Two years ago, top 5 bank CEOs met every week during Durbin to discuss response. I believe they probably had a good plan as Debit is a very very popular payment product. Unfortunately BAC’s Moynihan jumped the gun and announced a “fee” for debit. Consumers and press went ballistic.. I wish that BAC had just waited another few months to roll out it’s card linked offers product to show the new “value” and tie the pricing to this new “value”. As the Chinese say
If you are patient in one moment of anger, you will escape a hundred days of sorrow
There have been quite a few excellent Fed studies out on Debit since my last blog on the topic (Real Time Transfers – Feb 2011):
- KC Fed – 2012 New Debit Card Regs – MUST read
- KC Fed – 2013 Payment system efficiency impacts on consumers and merchants
- Boston Fed – Consumer Survey
- Electronic Payments Coalition Overview – Must read
From the Reference 2 above
The network exclusivity provision and the merchant routing provision of Regulation II both give merchants more control in routing transactions to preferred networks. However, most banks’ way of complying with the prohibition of network exclusivity arrangements is to enable more than one PIN network on their debit cards, but not more than one signature network. As a result, those merchants that accept only signature transactions generally have not gained any increased scope to choose from among different networks.
Among merchants that accept PIN debit transactions, many have taken advantage of their new control. The routing provision of Regulation II allows them to pick the PIN network they prefer from among those enabled on a given card. Their exercise of this control has altered PIN debit networks’ market shares. Many merchants now avoid Visa’s Interlink network, the largest PIN network prior to the regulations, and instead choose other PIN networks whenever possible. As a result, in terms of transaction volume, Interlink has lost significant market share to other PIN networks such as Maestro, Pulse, and STAR (Finkle; Daly). Through their new control over routing, merchants’ emerging influence over the market shares held by different PIN networks is likely to increase competition among PIN networks for merchants….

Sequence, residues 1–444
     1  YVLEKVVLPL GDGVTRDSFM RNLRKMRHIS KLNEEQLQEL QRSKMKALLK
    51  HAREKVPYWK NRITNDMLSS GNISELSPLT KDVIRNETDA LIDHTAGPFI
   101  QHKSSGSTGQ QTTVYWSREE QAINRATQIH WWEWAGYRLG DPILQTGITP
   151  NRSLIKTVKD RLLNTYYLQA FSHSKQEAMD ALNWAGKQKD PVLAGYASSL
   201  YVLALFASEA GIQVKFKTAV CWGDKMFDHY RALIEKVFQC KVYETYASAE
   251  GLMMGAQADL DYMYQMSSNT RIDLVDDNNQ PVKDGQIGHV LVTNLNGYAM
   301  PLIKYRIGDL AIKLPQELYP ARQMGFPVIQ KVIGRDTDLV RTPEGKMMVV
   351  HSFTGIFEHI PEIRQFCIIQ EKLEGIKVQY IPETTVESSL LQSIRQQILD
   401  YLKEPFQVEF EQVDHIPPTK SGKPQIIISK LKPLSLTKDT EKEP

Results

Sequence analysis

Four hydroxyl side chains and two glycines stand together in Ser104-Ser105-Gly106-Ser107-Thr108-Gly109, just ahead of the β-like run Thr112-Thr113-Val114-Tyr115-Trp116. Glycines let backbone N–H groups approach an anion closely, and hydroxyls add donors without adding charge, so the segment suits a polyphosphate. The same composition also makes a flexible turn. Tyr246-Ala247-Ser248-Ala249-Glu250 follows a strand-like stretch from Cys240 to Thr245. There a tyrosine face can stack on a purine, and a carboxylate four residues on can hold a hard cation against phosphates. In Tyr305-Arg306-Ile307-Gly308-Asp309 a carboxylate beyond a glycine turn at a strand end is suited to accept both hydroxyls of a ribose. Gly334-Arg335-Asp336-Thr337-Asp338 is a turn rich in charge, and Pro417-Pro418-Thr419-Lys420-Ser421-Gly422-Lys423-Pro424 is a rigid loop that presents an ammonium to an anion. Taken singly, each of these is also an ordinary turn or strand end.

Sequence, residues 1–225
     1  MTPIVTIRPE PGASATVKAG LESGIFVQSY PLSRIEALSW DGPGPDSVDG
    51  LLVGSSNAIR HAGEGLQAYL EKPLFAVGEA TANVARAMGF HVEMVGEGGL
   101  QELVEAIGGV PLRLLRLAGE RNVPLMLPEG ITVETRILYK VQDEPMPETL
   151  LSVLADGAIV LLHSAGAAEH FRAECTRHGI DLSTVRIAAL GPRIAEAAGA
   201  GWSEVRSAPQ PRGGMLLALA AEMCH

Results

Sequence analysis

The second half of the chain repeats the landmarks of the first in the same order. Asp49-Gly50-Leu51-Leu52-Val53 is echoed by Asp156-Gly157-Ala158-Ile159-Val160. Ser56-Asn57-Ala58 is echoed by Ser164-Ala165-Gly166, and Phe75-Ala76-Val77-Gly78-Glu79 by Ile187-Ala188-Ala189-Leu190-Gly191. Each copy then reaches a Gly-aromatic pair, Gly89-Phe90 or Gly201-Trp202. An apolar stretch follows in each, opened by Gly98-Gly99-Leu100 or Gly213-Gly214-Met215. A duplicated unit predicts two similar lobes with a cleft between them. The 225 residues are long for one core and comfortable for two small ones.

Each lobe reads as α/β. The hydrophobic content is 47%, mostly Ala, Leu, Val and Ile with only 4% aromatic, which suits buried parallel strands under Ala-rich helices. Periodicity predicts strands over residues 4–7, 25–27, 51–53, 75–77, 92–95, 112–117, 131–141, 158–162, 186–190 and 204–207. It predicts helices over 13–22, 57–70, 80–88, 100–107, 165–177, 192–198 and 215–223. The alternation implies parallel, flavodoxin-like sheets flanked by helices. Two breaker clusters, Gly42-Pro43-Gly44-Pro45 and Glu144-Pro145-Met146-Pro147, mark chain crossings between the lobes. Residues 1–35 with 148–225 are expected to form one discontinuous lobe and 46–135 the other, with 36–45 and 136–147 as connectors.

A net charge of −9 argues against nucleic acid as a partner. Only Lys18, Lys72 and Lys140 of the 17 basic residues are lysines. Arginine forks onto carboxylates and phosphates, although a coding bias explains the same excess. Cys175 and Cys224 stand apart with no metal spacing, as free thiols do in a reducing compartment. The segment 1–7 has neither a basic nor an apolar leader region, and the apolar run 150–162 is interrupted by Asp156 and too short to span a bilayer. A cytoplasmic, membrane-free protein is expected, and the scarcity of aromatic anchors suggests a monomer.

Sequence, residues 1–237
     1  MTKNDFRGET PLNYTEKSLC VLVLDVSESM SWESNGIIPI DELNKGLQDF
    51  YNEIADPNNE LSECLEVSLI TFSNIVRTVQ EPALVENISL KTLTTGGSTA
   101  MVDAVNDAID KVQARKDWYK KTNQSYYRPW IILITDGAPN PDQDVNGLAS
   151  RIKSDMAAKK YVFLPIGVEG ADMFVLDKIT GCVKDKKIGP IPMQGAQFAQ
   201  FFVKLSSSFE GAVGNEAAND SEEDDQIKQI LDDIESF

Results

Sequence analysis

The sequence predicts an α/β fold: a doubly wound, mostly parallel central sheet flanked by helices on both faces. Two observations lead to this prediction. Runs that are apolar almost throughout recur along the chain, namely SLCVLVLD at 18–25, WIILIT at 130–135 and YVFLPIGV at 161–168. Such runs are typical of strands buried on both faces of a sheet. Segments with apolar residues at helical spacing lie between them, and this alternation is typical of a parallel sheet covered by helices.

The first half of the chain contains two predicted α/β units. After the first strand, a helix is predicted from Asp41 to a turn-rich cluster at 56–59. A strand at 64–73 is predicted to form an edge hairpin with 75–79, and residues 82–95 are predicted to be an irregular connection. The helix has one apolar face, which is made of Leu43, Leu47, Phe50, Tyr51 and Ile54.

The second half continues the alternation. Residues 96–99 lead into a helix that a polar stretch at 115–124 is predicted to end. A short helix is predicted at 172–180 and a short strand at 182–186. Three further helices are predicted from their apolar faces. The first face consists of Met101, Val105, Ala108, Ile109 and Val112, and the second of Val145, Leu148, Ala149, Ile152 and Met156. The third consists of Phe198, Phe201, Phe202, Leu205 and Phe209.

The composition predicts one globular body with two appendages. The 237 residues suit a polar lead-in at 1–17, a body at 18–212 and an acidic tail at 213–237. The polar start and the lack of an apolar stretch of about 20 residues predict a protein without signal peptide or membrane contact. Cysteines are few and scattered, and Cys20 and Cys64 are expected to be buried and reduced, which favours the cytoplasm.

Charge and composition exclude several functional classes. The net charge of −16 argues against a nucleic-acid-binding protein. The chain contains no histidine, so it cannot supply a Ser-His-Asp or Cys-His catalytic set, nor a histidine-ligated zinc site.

Consumers appear to have shifted to some extent from signature debit to PIN debit as a result of the regulations. Regulated banks now have an incentive to promote PIN debit over signature debit, though that same incentive does not apply to exempt banks…Many regulated banks stopped offering rewards to debit card users, especially to signature debit users, and they may also have eliminated the PIN fees that were assessed in the past to some consumers for each PIN debit transaction. Merchants have also taken steps to steer customers toward the use of PIN debit.
From Reference 1 – with respect to Pricing
Merchants’ new freedom to offer discounts based on payment method, brand, and product allows them to steer customers toward the payment methods that the merchants prefer—and thus to affect the market shares held by networks. For example, if signature networks set their interchange fees for exempt banks higher than those set by PIN networks, merchants may offer greater discounts to customers who use PIN debit. To retain transaction volume, signature networks may avoid setting their interchange fees significantly higher than those of PIN networks. In this way, merchants’ new flexibility in offering discounts causes networks to compete for merchants. Most merchants, however, have not yet taken advantage of this new power. Given the many different payment methods, brands, and products that merchants accept and the complexity of the fee structures, it will take time for merchants to determine whether and how to offer discounts based on payment method. For example, Kroger,
one of the nation’s largest grocery store chains, considers payment based discounts a very powerful tool for influencing customers’ payment choices (Clifford and Strom), but has not decided how to offer the discounts.
Thus we see a world where big merchants push PIN debit, small merchants are getting taken by ISOs who don’t even know to ask for PIN capability, with competition in pricing…. With signature debit going down, PIN debit use going up.. Visa’s Interlink hemorrhaging volume. For perspective, my estimates are that somewhat Approximately 15% of Visa’s Revenue comes from US debit (just 2% from PIN Debit Interlink). Does anyone now wonder why Visa wants “Chip and Signature”?
Banks have lost over $7.7B annually because of this change. Remember that PIN debit is just an extension of the Bank’s ATM network.. why on earth would they want to continue to use 8 different independent networks to continue here? What if there were new products they could deliver on the PIN debit networks…. ?
PIN Debit seems to be ripe for consolidation and bank control. I have a strong bet that the US banks will consolidate around a single PIN provider within the next 18 months. Why? Probably more for defensive purposes.. Its also nice to be able to control the rules on your own network..
Perhaps more on this subject in a future blog.